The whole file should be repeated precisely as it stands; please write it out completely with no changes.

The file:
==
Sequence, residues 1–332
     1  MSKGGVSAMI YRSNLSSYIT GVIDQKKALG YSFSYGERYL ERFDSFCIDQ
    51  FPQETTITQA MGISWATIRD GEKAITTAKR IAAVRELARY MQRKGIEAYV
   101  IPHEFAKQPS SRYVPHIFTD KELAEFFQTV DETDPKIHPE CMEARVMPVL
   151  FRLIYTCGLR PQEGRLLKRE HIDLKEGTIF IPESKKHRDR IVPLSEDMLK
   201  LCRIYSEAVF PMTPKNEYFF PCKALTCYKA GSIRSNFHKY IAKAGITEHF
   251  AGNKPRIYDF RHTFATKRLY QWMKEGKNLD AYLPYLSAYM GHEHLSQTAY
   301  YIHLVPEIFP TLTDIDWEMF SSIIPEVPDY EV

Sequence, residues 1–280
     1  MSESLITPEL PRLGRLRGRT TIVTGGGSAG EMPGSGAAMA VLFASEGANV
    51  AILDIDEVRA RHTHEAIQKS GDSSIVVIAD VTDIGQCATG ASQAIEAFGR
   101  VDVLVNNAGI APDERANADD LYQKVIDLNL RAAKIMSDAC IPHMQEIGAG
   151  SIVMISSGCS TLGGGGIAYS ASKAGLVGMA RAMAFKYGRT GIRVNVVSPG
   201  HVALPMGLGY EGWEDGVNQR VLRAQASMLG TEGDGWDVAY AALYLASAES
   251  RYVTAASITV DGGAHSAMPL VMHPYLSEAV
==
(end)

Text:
Sequence, residues 1–332
     1  MSKGGVSAMI YRSNLSSYIT GVIDQKKALG YSFSYGERYL ERFDSFCIDQ
    51  FPQETTITQA MGISWATIRD GEKAITTAKR IAAVRELARY MQRKGIEAYV
   101  IPHEFAKQPS SRYVPHIFTD KELAEFFQTV DETDPKIHPE CMEARVMPVL
   151  FRLIYTCGLR PQEGRLLKRE HIDLKEGTIF IPESKKHRDR IVPLSEDMLK
   201  LCRIYSEAVF PMTPKNEYFF PCKALTCYKA GSIRSNFHKY IAKAGITEHF
   251  AGNKPRIYDF RHTFATKRLY QWMKEGKNLD AYLPYLSAYM GHEHLSQTAY
   301  YIHLVPEIFP TLTDIDWEMF SSIIPEVPDY EV

Sequence, residues 1–280
     1  MSESLITPEL PRLGRLRGRT TIVTGGGSAG EMPGSGAAMA VLFASEGANV
    51  AILDIDEVRA RHTHEAIQKS GDSSIVVIAD VTDIGQCATG ASQAIEAFGR
   101  VDVLVNNAGI APDERANADD LYQKVIDLNL RAAKIMSDAC IPHMQEIGAG
   151  SIVMISSGCS TLGGGGIAYS ASKAGLVGMA RAMAFKYGRT GIRVNVVSPG
   201  HVALPMGLGY EGWEDGVNQR VLRAQASMLG TEGDGWDVAY AALYLASAES
   251  RYVTAASITV DGGAHSAMPL VMHPYLSEAV